[The following is an exact transcript of this podcast.]
In an earthquake, the ground beneath you gives way. It’s no longer the one thing you can count on to be solid and stable. Instead, it swerves, dips and waves. And now scientists are saying that earthquakes can cause the ground to do something they didn’t expect—to bounce up and down like a trampoline.
Scientists at Japan’s National Institute for Earth Science and Disaster Prevention analyzed information from a recent quake in their country. They noticed that the ground jolted around in a way that couldn’t be explained with traditional models. They report their findings in the October 31st issue of the journal Science.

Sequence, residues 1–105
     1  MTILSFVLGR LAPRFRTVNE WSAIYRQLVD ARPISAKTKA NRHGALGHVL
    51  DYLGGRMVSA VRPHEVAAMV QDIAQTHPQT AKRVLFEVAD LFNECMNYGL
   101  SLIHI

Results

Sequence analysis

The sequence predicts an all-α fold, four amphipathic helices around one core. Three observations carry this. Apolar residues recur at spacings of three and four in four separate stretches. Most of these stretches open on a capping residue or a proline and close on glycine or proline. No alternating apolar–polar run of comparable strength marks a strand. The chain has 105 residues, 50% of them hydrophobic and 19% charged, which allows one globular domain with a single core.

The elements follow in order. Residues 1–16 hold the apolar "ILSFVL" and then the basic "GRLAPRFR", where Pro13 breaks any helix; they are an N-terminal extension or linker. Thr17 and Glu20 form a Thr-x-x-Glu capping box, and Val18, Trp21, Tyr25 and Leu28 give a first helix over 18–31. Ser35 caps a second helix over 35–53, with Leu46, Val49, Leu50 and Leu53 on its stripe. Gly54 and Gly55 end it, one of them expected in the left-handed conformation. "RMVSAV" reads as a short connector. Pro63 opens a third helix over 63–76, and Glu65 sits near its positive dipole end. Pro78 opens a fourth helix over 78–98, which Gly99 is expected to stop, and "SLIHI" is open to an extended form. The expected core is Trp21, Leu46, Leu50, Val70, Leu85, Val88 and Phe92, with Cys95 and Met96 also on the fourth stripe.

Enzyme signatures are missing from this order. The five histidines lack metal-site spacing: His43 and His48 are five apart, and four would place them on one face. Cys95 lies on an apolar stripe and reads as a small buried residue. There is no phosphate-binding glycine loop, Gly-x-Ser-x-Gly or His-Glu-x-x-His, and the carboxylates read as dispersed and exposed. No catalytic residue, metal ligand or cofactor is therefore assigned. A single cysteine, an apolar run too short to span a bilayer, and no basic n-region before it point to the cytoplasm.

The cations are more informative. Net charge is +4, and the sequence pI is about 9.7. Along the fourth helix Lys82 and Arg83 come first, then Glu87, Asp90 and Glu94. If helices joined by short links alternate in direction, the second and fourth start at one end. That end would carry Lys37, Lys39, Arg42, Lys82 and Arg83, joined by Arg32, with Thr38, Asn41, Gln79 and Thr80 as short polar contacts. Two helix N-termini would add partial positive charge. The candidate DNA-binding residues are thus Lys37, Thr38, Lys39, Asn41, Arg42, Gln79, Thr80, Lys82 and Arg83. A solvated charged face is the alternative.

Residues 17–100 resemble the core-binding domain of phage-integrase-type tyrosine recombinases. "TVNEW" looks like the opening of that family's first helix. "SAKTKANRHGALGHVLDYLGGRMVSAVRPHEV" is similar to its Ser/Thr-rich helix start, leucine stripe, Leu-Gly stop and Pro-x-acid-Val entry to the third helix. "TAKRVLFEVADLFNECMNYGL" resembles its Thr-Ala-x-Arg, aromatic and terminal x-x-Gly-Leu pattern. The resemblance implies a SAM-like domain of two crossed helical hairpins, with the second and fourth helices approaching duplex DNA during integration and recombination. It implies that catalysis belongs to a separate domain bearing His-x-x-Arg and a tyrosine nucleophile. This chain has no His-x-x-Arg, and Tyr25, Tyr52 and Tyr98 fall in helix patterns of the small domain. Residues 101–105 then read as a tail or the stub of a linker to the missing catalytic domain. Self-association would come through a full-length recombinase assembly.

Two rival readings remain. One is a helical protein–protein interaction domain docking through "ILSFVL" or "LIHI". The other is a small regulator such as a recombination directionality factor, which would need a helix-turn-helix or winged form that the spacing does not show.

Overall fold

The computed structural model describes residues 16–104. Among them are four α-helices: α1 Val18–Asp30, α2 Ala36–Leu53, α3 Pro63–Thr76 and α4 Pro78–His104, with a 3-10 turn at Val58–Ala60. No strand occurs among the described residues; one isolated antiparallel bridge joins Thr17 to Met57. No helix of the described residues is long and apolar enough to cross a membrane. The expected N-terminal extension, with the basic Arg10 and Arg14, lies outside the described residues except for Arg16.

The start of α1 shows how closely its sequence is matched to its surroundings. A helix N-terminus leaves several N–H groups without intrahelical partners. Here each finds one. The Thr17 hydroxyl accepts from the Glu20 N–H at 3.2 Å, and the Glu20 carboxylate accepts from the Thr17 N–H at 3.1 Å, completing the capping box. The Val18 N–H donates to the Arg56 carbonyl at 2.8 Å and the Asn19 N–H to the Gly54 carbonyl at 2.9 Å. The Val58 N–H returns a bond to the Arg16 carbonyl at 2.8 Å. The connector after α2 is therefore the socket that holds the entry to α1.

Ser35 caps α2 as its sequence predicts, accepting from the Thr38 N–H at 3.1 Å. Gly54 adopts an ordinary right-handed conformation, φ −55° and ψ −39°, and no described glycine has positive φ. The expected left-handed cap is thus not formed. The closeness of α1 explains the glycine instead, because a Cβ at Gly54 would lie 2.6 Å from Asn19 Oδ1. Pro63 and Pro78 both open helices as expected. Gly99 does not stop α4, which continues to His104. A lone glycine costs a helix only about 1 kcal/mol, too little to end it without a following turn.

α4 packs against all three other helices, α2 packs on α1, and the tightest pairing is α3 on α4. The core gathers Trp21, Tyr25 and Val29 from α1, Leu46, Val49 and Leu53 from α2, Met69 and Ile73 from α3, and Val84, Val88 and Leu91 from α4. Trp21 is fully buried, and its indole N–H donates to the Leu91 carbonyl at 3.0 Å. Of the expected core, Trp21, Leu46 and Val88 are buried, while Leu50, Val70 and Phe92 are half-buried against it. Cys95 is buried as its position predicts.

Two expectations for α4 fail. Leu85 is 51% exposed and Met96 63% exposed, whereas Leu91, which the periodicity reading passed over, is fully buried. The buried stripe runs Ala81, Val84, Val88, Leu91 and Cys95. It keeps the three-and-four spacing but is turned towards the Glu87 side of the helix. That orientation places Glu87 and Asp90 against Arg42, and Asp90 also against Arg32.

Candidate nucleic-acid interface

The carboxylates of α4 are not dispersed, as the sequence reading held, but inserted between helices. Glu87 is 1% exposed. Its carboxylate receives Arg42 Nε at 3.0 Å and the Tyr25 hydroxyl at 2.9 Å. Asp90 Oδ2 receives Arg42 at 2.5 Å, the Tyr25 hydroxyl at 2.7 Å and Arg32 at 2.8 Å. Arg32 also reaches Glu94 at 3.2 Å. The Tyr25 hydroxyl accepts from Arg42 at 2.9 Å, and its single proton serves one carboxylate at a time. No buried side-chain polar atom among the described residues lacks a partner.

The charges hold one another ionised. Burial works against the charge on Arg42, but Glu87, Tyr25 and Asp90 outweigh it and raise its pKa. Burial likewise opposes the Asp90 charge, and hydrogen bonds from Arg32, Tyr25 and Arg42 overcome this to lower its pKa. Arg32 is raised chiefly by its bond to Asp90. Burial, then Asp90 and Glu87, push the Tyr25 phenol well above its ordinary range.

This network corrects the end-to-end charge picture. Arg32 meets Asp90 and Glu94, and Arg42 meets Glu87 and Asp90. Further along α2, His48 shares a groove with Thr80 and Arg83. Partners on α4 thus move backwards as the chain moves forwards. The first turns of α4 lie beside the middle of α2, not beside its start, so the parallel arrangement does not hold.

According to common models, earthquakes are expected to ripple horizontally—and the resulting up-down waves should be symmetrical. The June quake had rapidly accelerating up and down movement, with asymmetrical waves—and much higher peaks. The researchers propose a new model of how the soil is behaving. They say that lighter soil is bouncing off the tougher crust beneath it. Understanding how this process works is important for the architects and engineers who design bridges and buildings to withstand an earthquake’s shake.